It’s December. Which means it’s officially party season. So we welcome you to the W&W cut-out-and-keep guide to party dressing. We have a sartorial solution for every occasion this Christmas.
Party dressing isn’t what it used to be. Not because we’ve abandoned the brief dresses of our youth (we were more of the ‘jeans and a pretty top’ generation) but because we have less chance to get dressed up, so we make more of it when we actually do. Nice dress for dinner with girlfriends? Absolutely. Jumpsuit and fabulous heels for a 40th? Bring it on (this is what Alex wore to my 40th and very fabulous she looked in it, too).
And if there was ever a season that liked to party, this is it. The run-up to Christmas is all about glitter and sequins and mince pies and friends and laughter and candlelight. And sartorial dilemmas: is it possible to be too dressed up for the office party? (Not in our humble opinion. If that dress makes you want to party, then wear it.) Can’t I just wear that aforementioned jeans and a pretty top combo for drinks with girlfriends? (By all means, but why miss the chance to dress up if you fancy doing so?) Can I wear sequins? (We would be disappointed if you didn’t.)
The Work Party
Dress code: Dress up, but not all-out
Obviously, this all depends on where you work and where you’re going for your night out. If your company throws a mega-Christmas ball with endless champagne, fireworks and a red carpet, then skip this section and head to ‘Glamour-a-go-go’. If you work for a hip media company in the East End, then you’ll probably be wearing something so directional we’ll be writing about it in 2040. However, if like most people your work ‘do’ is just a little dressier then normal, then read on. When it comes to work parties, you don’t want to scare the horses, so keep with your normal style, but just zhush things up a bit. For a fail-safe, but super-stylish look, pull on a pair of faux leather trousers like these (I think biker styles look best and are less likely to bag at the knees) or smart jeans, add a lace top and a pair of heels (these leopard print boots are all the heart-eyed emojis) and BINGO. Finish with a chic jacket on top and you’re sorted. You can never go wrong with a jacket and jeans and if you accessorize it with big earrings, a couple of cuffs and a cool clutch, you’ll hit the work party nail on the head and quite possibly nail that promotion whilst doing so*
*just don’t get too p***ed and snog the boss.
Dress code: Wow
If you are lucky enough to be going to a truly fabulous Christmas party that means you can indulge all your sartorial fantasies and dress to the max, then enjoy! These kind of parties (or weddings) don’t come around that often, so really make sure you go all out. A dress is always great for these kind of occasions, as are sequins, so if you can tick both those boxes you’re doing well. A jumpsuit is a great alternative to a dress and Issa are rather excellent at these. This ruffly blue one is beautiful and incredibly flattering on. Just pair with heels, get ready to dance. and you’re good to go.
Shop the Look
1. Morgan Tuxedo jacket, £40, Linea; Sleeveless Caplet Dress, £95, Eliza J; 3. Sequin midi dress, £65, Lace & Beads; 4. Lace top, £55, Label Lab; 5. Roxy Ruffle jumpsuit, £70, Issa; Leopard print boots, £82.49, Moda in Pelle; 7. Faux leather biker trousers, £58, Morgan; Loverani courts, £80, Aldo.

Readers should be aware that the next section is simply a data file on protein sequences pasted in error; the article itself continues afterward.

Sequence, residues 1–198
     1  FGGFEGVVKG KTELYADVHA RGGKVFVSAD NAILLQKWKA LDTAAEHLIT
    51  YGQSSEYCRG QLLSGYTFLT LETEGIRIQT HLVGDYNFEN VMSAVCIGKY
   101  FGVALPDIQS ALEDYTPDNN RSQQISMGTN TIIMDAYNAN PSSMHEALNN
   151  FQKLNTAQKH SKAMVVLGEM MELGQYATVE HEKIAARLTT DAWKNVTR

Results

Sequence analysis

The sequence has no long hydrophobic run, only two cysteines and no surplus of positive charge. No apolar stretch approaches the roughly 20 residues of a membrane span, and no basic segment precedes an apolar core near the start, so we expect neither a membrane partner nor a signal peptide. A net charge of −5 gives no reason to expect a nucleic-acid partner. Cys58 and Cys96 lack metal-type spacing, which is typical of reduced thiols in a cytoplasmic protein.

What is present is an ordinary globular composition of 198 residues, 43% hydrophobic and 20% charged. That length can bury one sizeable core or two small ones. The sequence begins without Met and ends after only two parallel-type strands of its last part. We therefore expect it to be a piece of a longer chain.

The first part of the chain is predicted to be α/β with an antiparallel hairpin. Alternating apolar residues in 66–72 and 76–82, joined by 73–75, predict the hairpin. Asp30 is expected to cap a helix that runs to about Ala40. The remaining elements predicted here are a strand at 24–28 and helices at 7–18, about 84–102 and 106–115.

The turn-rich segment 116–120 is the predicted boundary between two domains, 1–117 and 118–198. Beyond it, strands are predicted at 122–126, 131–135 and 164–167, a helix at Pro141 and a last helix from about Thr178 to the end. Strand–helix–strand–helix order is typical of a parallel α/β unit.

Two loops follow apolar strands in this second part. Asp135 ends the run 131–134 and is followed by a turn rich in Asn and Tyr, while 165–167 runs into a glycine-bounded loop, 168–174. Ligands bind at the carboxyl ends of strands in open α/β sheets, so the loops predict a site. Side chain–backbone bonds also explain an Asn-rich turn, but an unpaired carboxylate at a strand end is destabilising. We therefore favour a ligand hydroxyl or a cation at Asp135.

The Family Party
Dress code: Casual
…and yet also it’s nice to look like you made an effort. You may not be in the same situation as one of my friends, who found herself visiting her new-ish boyfriend’s parents in December for what he unreliably informed her was ‘a relaxed family get-together’. It turned out to be akin to festive tea at Sandringham i.e. she was the only one wearing jeans – and not wearing some kind of inherited jewellery. Reader, she married him regardless.
You want to look festive here. You also want to be comfortable, because there are probably children involved and you may be required to get down on the floor/chase them. You may also (bad luck) be cooking (I love cooking; I loathe cooking Christmas lunch.) Think half and half: fabulous and comfort. Statement skirt, simple knit, great flats. Stand-out trousers and a tee. A deceptively simple and demure black dress (which could also take you into cocktails once the kids are abed/parked in front of an ipad) is good, too. Probably best to avoid anything too sexy.
(Someone at this gathering will be wearing a Christmas jumper. ‘Twas ever thus. It could even be you.)
Dress code: It depends. (Helpful, I know.)
Tricky one this. It rather depends on who you’re going out with. I have girlfriends whose motto is ‘Never Knowingly Under-Dressed’. I also have friends who think heels are an abomination. And those who work in exceedingly high powered jobs so swish into supper wearing power dresses. Unless you thrive of being the only person in a ball dress in a room of jeans (more power to you), it’s safest to cater to the majority. That said, this time of year I love dressing up and will do so with very little encouragement. This is the time to wear that glitzy skirt or sequinned leggings, or something your girlfriends will appreciate but your partner might not ‘get’ e.g. a tiered midi skirt in my case). This is also the occasion to wear those gorgeous but hopelessly impractical shoes. (Get a cab home).
Shop the Look
1. Maison de Nimes sequin t shirt, £69; 2. Miss KG flats, now £49; 3. Biba jumper, £49; 4. Biba pleated skirt, £69; 5. Helen Moore faux tippet, £39; 7. Linea blouse, was £49 now £27; 8. Sequin leggings, £59, Biba; 9. Biba beaded dress, £129
This post was in collaboration with House of Fraser although all words and picks are ours. Don’t miss their Partywear offer on now